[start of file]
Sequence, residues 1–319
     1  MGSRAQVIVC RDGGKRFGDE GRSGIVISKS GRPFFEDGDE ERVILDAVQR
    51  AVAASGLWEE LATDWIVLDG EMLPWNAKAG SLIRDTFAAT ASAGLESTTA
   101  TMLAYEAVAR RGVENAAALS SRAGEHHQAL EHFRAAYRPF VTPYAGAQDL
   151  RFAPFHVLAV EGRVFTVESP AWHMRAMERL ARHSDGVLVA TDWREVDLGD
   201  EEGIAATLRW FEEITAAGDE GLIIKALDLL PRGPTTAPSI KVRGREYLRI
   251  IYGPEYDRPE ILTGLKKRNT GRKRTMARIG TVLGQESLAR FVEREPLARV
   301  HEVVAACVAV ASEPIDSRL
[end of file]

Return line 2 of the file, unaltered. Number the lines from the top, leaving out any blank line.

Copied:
     1  MGSRAQVIVC RDGGKRFGDE GRSGIVISKS GRPFFEDGDE ERVILDAVQR